Pakistan court upholds death penalty for Christian woman convicted of blasphemy
(The Christian Science Monitor) A Pakistani high court has upheld the death sentence given to Asia Bibi, a jailed Christian woman convicted of blasphemy in 2010, whose case at the time played into an atmosphere of recrimination and spawned the murders of several prominent human rights and political figures.
Bibi’s lawyers had asked the Lahore High Court to overturn the death sentence, which was handed down after she had a row with Muslim women neighbors at a village well in Pakistan’s Punjab Province.
Bibi’s name and case have since become nearly synonymous with a sensitive national debate over blasphemy laws, which are not clearly defined and were further criminalized under the military dictatorship of General Zia-ul-Haq in the 1980s. The laws can carry the death penalty, though in Pakistan there has been an unofficial moratorium on the death sentence since 2008 and only one person has been executed.
The Lahore death sentence came during a period of extreme attacks on Christians and minorities. In 2010 the governor of Punjab, Salmaan Taseer, visited Bibi in jail and shortly after was shot dead in Islamabad by his guard, who assumed that Taseer opposed the blasphemy law and supported Bibi.
In March 2011, the federal minister for minorities, Shahbaz Bhatti—who questioned the laws and was photographed with Bibi’s husband—was also assassinated in Islamabad.
Contrary to some frenzied headlines, it is doubtful that Bibi faces execution anytime soon, if ever. Yet powerful extremist forces are still evident. This May human rights lawyer Rashid Rehman, who was defending a university lecturer accused of blasphemy, was shot dead in the city of Multan. And onetime assumptions that high courts would be more willing to overturn blasphemy judgments passed by lower courts are no longer held.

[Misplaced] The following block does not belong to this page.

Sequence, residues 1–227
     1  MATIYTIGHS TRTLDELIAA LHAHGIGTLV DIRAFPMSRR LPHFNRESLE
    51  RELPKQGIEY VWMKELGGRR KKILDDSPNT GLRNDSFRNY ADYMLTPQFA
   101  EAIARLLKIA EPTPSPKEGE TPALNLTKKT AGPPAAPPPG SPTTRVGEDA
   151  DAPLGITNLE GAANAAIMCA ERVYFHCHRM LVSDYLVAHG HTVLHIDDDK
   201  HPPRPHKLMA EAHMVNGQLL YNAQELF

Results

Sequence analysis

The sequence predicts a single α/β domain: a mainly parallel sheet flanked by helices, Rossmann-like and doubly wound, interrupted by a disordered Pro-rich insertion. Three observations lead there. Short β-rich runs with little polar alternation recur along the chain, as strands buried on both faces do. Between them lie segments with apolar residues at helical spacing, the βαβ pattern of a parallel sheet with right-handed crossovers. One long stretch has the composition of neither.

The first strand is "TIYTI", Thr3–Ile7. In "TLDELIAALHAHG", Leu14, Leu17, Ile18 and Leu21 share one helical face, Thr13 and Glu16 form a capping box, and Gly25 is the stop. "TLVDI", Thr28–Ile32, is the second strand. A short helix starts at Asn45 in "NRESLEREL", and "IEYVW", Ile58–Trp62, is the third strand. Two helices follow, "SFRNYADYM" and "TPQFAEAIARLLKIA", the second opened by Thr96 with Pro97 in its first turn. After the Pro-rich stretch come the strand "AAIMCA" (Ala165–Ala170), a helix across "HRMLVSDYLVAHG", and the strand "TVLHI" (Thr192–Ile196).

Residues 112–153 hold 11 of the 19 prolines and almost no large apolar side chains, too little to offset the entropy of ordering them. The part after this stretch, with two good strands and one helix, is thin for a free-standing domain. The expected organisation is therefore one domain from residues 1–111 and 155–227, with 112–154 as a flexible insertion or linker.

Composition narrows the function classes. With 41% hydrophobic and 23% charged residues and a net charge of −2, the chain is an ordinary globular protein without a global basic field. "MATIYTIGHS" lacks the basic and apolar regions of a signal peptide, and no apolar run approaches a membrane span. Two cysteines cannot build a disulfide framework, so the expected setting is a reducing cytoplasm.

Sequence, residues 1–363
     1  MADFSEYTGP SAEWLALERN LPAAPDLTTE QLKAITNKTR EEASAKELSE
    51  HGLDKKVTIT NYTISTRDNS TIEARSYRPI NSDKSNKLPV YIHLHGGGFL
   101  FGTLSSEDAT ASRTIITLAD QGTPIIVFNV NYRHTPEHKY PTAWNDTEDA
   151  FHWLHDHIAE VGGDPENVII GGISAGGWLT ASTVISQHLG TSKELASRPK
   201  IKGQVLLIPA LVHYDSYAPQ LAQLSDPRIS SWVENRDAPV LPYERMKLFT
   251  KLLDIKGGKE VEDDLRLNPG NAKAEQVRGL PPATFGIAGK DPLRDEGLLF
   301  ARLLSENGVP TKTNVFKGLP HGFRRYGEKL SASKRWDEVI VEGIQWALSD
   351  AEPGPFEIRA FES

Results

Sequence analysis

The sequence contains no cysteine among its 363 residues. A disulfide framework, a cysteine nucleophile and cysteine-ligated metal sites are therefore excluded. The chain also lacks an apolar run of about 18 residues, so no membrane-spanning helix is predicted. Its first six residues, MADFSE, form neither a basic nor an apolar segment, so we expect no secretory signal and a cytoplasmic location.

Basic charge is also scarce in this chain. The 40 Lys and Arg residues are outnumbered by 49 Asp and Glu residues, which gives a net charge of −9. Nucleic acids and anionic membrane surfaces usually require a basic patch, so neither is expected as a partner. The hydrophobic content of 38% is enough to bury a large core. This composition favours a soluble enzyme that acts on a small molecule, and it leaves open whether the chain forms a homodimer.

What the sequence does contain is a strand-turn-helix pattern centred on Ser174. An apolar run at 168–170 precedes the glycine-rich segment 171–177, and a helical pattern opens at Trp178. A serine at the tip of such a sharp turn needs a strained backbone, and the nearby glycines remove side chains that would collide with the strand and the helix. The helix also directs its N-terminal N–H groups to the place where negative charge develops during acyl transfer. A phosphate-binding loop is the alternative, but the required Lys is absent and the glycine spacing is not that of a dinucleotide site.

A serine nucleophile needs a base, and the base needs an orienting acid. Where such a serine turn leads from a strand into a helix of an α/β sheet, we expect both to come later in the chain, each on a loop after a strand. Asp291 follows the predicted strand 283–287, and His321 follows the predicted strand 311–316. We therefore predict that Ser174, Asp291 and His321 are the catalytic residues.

Zohra Yusuf, chair of the Human Rights Commission of Pakistan, told the Monitor that the “judiciary is under an atmosphere of fear when it comes to blasphemy cases. In this particular instance [October 17’s ruling on Bibi] the court was crowded with . . . [blasphemy] supporters [who] celebrated the verdict. It is very difficult to get a fair judgment, and it is very difficult to defend [blasphemy]. . . . Once they’re accused, their entire future is over.”
Joseph Francis, director of a prominent legal assistance group, says that courts have recently denied appeals to overturn death sentences.
“The court’s bent has changed,” he said. “In the past, Christians would expect that there would be some relief from the high court. . . . But there was a lot of pressure from clerics, and there were at least ten to 12 lawyers from the Khatm-e-Nabuwat movement [a hard-line right-wing pressure group] present in the court” on October 16.
Bibi herself, described in accounts as a laborer, remains behind bars. With the newest legal blow, her options are limited. But it is likely the justice system will move slowly. Her lawyers are expected to appeal to the Supreme Court of Pakistan. If her death sentence is upheld there, the next option is a mercy appeal to the president, Francis said.
Yusuf points out that Bibi’s safety in jail is of concern. Several prisoners accused or convicted of blasphemy have been attacked in jail, most recently in September, when a police officer shot and injured a man convicted of blasphemy and held at the Adiala jail in Rawalpindi.
“There have been no executions in Pakistan in cases of blasphemy, but quite a few [accused of] blasphemy . . . have been attacked in prison and some have been killed,” Yusuf said. “It’s not just a question of the law taking its course but a question of the atmosphere that is created around each case.”
This article was edited October 27, 2014.